USAF Paints Fighter Jet Russian Color Scheme To Prepare For Dogfights

The new paint scheme suggests American pilots will soon simulate dogfighting drills with mock Russian stealth jets

Image Credits: Screenshot.

A General Dynamics F-16 Fighting Falcon at Hill Air Force Base, located in northern Utah, recently had an exterior makeover paint scheme that mimics the Russian Sukhoi Su-57 stealth fighter, reported Defense Blog.

The 576th Aircraft Maintenance Squadron painted the fighter jet a “ghost” paint scheme at the request of the 64th Aggressor Squadron at Nellis Air Force Base, Nevada, that is responsible for holding Red Flag exercises, an aerial combat training drill held several times a year by the Air Force to prepare pilots for aerial combat.

General Dynamics F-16 Fighting Falcon w/ Russia paint scheme (left); Russian Sukhoi Su-57 (right)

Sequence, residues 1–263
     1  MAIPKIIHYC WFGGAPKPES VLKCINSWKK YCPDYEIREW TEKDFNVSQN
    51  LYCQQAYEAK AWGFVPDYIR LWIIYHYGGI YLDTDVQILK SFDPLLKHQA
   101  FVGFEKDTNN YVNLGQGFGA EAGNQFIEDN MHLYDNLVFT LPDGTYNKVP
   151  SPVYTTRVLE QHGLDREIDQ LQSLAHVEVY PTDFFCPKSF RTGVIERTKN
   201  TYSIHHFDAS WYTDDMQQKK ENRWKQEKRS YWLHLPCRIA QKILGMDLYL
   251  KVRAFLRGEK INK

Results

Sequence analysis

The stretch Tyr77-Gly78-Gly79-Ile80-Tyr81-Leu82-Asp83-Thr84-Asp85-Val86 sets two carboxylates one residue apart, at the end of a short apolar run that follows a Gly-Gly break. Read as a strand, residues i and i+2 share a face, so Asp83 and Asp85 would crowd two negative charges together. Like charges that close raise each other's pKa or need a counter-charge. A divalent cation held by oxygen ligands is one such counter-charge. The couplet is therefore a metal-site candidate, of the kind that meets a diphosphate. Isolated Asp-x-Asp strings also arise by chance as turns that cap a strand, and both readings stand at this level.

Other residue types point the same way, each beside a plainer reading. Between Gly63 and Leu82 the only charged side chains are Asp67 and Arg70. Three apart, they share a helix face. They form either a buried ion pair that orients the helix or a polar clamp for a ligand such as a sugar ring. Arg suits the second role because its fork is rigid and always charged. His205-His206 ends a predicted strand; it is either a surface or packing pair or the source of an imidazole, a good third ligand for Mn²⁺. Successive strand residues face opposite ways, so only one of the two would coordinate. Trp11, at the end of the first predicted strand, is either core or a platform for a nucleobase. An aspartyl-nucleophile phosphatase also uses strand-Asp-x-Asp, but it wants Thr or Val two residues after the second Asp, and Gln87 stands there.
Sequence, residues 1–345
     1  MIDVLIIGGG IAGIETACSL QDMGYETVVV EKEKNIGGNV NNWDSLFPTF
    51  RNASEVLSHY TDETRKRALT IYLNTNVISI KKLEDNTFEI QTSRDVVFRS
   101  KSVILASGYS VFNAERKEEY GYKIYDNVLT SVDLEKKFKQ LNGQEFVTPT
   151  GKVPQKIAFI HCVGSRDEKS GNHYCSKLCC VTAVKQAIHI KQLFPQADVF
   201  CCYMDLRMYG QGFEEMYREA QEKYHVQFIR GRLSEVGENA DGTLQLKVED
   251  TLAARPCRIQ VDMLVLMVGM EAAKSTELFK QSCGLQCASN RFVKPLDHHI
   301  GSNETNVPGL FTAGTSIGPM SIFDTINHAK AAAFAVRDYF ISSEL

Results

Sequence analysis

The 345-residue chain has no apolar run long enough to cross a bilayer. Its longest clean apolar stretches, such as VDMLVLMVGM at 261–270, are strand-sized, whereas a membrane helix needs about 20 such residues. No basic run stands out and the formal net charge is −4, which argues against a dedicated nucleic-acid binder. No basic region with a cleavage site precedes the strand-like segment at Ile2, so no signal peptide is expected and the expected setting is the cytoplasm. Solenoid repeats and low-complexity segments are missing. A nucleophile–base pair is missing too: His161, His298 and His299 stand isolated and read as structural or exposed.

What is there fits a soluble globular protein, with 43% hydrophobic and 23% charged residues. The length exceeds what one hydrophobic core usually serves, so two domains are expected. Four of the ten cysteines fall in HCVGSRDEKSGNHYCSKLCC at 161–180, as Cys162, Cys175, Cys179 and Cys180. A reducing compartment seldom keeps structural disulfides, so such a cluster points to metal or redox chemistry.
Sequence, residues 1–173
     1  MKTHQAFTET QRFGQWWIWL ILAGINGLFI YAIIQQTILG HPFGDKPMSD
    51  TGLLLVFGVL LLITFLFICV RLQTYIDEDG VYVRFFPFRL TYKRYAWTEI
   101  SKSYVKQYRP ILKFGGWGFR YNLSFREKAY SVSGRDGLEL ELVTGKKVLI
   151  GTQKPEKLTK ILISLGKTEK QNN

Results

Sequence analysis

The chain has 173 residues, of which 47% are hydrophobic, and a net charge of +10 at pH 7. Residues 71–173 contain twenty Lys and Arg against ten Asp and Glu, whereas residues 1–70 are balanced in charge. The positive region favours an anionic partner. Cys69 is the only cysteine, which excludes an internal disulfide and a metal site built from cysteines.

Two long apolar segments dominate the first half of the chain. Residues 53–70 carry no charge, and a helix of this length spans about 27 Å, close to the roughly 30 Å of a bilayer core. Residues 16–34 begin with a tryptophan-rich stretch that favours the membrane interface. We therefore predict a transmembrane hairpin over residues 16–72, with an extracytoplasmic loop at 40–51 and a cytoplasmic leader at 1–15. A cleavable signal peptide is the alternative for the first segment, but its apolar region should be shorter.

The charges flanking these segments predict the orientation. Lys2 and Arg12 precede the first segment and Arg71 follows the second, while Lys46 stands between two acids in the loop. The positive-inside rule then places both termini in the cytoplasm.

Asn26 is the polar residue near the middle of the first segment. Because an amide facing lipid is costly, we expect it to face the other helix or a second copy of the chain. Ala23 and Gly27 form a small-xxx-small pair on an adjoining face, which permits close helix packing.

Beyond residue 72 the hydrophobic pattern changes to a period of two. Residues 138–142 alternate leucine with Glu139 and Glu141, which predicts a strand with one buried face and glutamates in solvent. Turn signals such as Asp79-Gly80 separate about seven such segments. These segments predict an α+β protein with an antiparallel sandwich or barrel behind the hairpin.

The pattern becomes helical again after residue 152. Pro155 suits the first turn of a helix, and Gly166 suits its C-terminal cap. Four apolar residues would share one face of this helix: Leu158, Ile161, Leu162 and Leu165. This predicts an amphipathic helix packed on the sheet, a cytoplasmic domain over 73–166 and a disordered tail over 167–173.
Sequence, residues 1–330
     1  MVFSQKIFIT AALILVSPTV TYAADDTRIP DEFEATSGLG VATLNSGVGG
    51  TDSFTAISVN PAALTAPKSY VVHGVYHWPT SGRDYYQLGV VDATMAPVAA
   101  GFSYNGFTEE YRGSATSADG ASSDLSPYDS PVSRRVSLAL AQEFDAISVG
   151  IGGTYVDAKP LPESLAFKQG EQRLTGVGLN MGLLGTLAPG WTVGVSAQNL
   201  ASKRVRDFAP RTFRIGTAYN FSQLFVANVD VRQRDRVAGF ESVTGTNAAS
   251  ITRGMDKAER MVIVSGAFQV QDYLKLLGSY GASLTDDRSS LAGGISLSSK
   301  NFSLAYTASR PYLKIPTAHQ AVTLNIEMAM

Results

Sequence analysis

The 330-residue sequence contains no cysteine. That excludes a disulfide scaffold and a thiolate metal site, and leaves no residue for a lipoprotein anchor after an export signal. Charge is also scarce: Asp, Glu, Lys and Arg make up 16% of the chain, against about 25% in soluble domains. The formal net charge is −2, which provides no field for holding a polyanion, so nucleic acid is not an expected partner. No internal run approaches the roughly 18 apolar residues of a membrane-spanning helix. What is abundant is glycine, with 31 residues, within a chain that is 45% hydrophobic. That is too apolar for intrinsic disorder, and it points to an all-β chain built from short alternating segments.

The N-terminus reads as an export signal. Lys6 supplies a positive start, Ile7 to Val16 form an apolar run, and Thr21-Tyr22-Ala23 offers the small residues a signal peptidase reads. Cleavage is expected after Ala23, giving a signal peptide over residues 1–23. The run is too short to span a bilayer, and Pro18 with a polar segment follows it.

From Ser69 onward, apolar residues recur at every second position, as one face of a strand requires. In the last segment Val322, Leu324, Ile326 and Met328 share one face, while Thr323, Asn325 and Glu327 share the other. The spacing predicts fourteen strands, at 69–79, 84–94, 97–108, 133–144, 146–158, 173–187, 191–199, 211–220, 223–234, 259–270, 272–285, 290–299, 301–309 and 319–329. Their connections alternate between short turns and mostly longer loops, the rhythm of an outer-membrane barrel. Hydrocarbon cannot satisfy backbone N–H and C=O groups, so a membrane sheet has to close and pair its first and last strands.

The new paint scheme suggests American pilots will soon simulate dogfighting drills with mock Russian stealth jets.

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 “The paint scheme is intended to replicate an adversary’s fighter jet. The United States, allied, and partner-nation aircrews routinely train against accurate and realistic threats including aircraft painted to replicate those pilots might see in aerial combat,” Defense Blog said.

Already, US and Russian warplanes have intercepted one another — indicating tensions are building.

“The paint shop at Nellis did one of these planes last year and asked us to paint this one,” said Jim Gill 576th AMXS production flight chief. “They sent us pictures and gave us the pattern, but there were no instructions. We had to put it together ourselves.”

Here’s the video showing how the process was done last year.

Photos emerged on a Turkish website last year of a McDonnell Douglas F/A-18 Hornet belonging to Fighter Squadron Composite Twelve (VFC-12), a US Navy Reserve fighter squadron based in Virginia Beach, sporting the same Russian Su-57 color scheme.

Tensions are rising between the US and Russia, the Air Force painting fighter jets similar to Russian ones suggests pilots are being trained to identify and engage enemy fifth-generation fighters ahead of the next conflict.